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In lab experiments, Thomas Kash, PhD, the John R. Andrews Distinguished Professor in the Department of Pharmacology, and colleagues discovered a specific network of cellular communication emanating from the emotion-processing region of the brain, motivating mice to keep eating tasty food even though their basic energy needs had been met.
The existence of this mammalian brain circuit, described in a paper in Neuron, might help explain why humans so often overeat in our modern environment of abundant and delicious fare. The circuit is a byproduct of evolution, when large calorie-rich meals were scarce, and so our brains were wired to devour as many calories as humanly possible because no one knew when the next super meal would come.
Circuit - Brain - Way - Something - Tastes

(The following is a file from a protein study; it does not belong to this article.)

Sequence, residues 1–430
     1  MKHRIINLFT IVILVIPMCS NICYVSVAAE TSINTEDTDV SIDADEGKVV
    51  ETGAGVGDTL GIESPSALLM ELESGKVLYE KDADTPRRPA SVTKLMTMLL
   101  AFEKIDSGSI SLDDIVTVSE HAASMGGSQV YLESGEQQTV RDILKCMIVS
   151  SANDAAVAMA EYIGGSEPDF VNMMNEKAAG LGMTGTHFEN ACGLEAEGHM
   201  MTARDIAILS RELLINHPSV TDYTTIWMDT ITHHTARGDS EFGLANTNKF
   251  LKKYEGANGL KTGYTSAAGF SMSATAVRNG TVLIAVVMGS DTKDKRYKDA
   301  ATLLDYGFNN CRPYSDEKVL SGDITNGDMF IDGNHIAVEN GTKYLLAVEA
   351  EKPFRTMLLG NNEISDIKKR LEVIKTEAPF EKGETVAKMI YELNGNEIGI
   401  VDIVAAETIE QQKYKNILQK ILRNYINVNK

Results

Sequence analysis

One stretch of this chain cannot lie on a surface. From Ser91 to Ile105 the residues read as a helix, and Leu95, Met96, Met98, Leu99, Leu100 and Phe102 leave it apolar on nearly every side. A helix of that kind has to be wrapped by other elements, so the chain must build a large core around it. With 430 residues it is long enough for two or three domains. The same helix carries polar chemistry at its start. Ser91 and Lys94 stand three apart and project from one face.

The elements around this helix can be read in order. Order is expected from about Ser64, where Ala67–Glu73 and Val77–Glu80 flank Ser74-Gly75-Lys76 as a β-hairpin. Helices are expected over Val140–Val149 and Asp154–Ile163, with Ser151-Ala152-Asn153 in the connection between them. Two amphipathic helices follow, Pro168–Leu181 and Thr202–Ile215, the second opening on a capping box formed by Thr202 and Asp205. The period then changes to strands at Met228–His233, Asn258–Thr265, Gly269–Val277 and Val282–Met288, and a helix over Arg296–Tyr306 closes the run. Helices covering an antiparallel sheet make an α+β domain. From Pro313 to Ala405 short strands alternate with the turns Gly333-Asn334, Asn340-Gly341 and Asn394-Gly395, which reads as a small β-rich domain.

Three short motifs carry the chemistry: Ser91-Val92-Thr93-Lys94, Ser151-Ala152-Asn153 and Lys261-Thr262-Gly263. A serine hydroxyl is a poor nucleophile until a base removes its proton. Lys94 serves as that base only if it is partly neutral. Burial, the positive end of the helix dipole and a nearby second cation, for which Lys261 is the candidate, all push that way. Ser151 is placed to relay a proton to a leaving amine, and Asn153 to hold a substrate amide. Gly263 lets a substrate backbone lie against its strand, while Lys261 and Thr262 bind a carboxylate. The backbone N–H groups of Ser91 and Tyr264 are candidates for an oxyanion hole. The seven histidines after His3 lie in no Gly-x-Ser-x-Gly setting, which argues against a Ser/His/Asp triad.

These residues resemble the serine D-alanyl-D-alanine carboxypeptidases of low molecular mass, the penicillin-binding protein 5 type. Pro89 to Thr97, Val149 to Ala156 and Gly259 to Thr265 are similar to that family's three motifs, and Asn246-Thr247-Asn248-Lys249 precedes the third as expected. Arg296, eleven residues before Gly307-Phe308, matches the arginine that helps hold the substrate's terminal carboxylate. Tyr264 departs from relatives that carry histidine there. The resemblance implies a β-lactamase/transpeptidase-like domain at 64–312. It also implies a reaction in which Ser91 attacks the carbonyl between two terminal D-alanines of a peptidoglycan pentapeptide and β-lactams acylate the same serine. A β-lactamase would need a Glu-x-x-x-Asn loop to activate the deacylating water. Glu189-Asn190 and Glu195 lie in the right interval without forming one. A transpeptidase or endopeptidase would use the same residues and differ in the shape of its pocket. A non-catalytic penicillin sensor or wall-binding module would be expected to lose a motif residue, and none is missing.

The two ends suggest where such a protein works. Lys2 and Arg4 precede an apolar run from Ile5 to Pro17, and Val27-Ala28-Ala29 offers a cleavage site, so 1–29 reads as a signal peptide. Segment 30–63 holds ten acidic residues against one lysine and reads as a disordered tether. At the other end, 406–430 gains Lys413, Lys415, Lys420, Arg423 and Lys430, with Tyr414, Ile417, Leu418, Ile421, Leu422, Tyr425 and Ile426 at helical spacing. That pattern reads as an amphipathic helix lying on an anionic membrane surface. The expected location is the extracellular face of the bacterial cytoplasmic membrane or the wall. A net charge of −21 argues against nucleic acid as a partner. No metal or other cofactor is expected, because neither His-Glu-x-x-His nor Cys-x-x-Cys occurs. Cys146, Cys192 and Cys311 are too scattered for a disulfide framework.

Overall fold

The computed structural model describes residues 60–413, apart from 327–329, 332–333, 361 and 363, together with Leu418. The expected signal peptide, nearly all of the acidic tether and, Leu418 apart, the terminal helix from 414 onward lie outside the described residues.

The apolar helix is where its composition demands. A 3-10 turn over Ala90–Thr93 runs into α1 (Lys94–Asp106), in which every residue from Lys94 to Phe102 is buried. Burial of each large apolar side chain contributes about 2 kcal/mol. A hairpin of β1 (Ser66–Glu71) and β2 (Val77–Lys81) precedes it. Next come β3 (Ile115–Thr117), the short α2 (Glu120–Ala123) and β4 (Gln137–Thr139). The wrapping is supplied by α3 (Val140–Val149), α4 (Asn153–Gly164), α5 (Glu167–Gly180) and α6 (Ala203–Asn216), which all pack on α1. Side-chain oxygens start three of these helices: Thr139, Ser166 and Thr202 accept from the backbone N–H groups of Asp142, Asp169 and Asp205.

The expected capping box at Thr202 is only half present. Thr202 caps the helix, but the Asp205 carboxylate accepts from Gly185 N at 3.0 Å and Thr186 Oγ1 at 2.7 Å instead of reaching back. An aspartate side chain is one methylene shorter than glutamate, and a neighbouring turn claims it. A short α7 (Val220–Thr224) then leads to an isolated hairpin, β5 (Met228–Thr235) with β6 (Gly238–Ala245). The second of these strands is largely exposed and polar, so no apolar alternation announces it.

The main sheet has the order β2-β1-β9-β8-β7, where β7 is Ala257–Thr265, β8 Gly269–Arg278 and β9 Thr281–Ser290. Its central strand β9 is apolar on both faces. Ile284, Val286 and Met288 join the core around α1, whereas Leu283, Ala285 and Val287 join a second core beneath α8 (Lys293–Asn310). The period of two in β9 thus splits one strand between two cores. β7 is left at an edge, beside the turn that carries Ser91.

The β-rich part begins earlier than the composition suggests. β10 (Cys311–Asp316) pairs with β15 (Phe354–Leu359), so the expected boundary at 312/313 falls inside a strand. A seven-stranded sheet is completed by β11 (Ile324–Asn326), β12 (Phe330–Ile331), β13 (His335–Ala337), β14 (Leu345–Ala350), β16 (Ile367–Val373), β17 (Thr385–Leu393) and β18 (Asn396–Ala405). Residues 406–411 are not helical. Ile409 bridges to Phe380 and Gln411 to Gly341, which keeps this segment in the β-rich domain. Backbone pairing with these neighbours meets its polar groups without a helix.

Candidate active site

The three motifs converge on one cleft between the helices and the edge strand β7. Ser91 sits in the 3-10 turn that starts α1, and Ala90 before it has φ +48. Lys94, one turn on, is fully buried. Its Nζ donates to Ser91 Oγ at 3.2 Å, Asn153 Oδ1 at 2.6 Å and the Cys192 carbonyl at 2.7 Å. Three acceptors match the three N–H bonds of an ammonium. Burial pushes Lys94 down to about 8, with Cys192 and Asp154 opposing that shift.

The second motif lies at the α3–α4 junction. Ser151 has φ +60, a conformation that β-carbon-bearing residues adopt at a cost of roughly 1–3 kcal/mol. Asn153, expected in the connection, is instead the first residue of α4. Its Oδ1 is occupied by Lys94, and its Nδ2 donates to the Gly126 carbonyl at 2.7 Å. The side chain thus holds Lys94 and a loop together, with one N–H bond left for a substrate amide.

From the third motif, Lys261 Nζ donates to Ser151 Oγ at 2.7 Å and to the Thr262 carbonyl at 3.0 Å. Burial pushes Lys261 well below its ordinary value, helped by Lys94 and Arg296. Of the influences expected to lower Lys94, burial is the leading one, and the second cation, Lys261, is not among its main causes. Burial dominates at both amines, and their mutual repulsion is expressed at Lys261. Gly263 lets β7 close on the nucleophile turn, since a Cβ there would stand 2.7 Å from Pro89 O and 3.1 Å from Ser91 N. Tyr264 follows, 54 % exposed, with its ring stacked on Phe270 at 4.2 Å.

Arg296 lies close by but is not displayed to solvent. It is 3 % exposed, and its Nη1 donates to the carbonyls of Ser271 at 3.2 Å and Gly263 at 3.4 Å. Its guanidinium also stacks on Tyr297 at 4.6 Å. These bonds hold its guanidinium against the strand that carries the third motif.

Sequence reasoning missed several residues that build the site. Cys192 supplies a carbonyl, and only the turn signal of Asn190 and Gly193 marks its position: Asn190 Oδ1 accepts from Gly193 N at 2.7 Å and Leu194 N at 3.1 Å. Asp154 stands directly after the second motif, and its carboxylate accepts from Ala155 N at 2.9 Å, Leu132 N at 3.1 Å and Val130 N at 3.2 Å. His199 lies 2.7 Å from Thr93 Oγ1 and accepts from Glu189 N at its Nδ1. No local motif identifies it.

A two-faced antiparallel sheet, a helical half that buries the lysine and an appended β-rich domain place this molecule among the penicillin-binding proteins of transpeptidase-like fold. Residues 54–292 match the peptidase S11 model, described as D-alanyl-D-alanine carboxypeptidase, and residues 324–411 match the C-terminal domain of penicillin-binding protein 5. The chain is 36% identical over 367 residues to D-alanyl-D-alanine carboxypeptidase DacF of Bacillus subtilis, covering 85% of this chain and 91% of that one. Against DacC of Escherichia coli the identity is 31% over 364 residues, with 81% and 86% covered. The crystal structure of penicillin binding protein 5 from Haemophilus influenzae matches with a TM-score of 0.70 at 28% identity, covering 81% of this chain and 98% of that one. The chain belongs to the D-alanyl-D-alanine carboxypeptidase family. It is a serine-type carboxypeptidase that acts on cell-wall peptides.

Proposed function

"This circuit seems to be the brain's way of telling you that if something tastes really good, then it's worth whatever price you're paying to get to it, so don't stop," Kash said.
Scientists in search of anti-obesity remedies have spent decades researching and targeting brain cells and circuits involved in ordinary, "homeostatic" feeding, which is triggered by hunger and keeps our energy level up. But this approach has had limited success. More recently, some scientists have been studying "hedonic" feeding -- the pleasure-driven eating of calorie-rich food that tends to go way beyond our strict energy needs.
Hedonic - Feeding - Humans - Adaptation - Ancient
Hedonic feeding is thought to reflect modern humans' lingering adaptation for ancient environments where famines were frequent. Perceiving calorie-rich food as particularly tasty and pleasurable, and bingeing on it whenever it was available, would have conferred a crucial survival advantage by storing up extra energy. Following that instinct now, in a time of plenty, can lead to obesity -- a condition affecting about 40 percent of adults in the United States -- and related conditions such as diabetes, heart disease, and cancers.
"There's just so much calorically dense food...
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